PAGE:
The release of Auditor General Sheila Fraser's report into the costs of the G8/G20 summits has been delayed by the election call. (Pawel Dwulit/Canadian Press)

A report into the government costs of  the G8/G20 summits must first be tabled before Parliament, a spokesman for the auditor general said, despite demands by opposition party leaders Tuesday on the campaign trail for its immediate release.

Liberal Leader Michael Ignatieff, NDP Leader Jack Layton, Bloc Québécois Leader Gilles Duceppe called on Conservative Leader Stephen Harper to release the findings of Sheila Fraser's report, which was scheduled to be tabled on Tuesday, only to be delayed by the election call.

"We think Canadians ought to know what is in that report because in many ways it is the most amazing example of waste in this Conservative government's record," Ignatieff said at a rally in Conception Bay South, N.L.

Ghislain Desjardins, a spokesman with the auditor general, said under the law, his office is responsible for sending reports to the Speaker of the House, who in turn tables the report to Parliament.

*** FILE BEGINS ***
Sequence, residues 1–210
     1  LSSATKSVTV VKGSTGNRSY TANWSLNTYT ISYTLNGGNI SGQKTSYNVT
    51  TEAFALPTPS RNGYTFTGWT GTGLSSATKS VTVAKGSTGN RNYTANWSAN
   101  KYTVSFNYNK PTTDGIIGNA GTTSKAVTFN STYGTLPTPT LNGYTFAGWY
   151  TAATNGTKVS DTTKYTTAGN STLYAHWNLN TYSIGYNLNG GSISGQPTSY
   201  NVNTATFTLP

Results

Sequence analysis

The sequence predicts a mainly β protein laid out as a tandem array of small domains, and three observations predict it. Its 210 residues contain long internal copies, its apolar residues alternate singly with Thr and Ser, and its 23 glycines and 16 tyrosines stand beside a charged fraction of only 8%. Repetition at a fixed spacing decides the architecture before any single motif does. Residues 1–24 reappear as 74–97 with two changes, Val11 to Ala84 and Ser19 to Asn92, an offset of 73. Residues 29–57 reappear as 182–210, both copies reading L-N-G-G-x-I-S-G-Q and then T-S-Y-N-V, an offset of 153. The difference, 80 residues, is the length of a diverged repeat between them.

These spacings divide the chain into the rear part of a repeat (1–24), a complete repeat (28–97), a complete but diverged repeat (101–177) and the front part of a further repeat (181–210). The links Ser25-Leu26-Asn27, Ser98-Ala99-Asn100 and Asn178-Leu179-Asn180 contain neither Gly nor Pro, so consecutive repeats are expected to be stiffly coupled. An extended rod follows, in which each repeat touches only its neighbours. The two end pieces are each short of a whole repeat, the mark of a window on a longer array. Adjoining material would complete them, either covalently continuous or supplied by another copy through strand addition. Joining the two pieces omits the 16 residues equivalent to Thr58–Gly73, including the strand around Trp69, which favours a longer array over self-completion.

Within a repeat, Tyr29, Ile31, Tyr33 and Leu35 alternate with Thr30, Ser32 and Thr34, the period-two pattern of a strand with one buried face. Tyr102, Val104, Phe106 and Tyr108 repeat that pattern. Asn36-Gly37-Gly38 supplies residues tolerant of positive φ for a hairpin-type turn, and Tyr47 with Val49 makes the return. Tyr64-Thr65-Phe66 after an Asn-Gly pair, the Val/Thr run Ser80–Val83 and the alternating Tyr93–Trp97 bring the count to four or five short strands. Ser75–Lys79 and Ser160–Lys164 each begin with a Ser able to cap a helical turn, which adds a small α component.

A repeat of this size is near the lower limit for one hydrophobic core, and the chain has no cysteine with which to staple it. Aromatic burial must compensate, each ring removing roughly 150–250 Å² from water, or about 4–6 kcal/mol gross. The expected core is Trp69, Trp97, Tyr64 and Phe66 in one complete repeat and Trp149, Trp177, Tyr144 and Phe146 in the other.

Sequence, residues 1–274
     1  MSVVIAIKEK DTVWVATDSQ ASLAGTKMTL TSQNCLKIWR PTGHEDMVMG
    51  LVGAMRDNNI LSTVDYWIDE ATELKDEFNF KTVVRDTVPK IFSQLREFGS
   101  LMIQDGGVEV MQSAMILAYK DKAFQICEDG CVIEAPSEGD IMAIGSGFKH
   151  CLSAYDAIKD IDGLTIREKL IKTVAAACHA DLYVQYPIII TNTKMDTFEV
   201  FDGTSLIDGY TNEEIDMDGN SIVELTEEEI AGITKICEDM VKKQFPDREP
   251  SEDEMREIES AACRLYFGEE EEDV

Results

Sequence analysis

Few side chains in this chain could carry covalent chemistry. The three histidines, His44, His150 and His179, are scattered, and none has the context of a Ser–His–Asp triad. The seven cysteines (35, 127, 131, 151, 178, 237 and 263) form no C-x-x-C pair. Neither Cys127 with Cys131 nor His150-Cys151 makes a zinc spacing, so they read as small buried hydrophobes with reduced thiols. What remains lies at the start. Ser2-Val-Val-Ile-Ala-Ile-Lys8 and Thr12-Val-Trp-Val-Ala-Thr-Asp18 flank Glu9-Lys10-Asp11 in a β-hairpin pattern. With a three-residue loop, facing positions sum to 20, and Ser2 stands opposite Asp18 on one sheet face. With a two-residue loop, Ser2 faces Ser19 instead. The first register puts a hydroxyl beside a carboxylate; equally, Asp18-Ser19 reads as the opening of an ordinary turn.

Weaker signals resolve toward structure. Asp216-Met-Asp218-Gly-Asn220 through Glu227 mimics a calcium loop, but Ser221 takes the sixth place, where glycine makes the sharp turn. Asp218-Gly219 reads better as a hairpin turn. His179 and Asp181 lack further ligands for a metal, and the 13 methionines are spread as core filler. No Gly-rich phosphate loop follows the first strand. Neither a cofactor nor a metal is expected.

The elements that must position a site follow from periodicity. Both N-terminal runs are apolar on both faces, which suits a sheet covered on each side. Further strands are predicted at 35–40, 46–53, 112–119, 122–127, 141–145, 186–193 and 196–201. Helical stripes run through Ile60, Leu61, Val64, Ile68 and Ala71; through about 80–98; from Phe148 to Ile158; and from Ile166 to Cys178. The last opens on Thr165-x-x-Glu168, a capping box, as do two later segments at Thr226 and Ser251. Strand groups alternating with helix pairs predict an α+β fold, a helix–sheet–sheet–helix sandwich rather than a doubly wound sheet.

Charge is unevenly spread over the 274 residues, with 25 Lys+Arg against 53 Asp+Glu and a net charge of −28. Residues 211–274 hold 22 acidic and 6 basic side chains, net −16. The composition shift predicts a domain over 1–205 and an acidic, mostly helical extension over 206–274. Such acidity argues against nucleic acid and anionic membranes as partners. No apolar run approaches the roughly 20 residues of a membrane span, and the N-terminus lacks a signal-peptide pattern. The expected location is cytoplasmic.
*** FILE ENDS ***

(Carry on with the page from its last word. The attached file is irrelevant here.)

But the House is not sitting because the Liberals, Bloc and NDP voted non-confidence in the Harper government, resulting in its dissolution.

"Our Act says [the report] has to be tabled when they are sitting and they are not," Desjardins said.

Although departments audited do receive a copy of the report, Desjardins said departments acknowledge that the reports are property of the Office of the Auditor General.

He added that while the Privy Council Office receives a copy, the Prime Minister's Office does not.

Conservative candidate John Baird said that if the opposition wanted the report released, they should not have voted down the government.

During a press conference in Ottawa on Tuesday, Baird also referred to a statement made by Fraser in 2007 before a parliamentary committee, in which she said her office takes "every reasonable step to ensure that our reports are not disclosed to the public before they are tabled in the House of Commons.

"Premature disclosure represents a disregard for the statutory right of the House of Commons to receive our reports, and may represent a breach of parliamentary privilege," she told the committee at the time.

The Conservative government has defended the nearly $858 million in costs related to the G8/G20 summits, held in Huntsville and Toronto the weekend of June 26-27.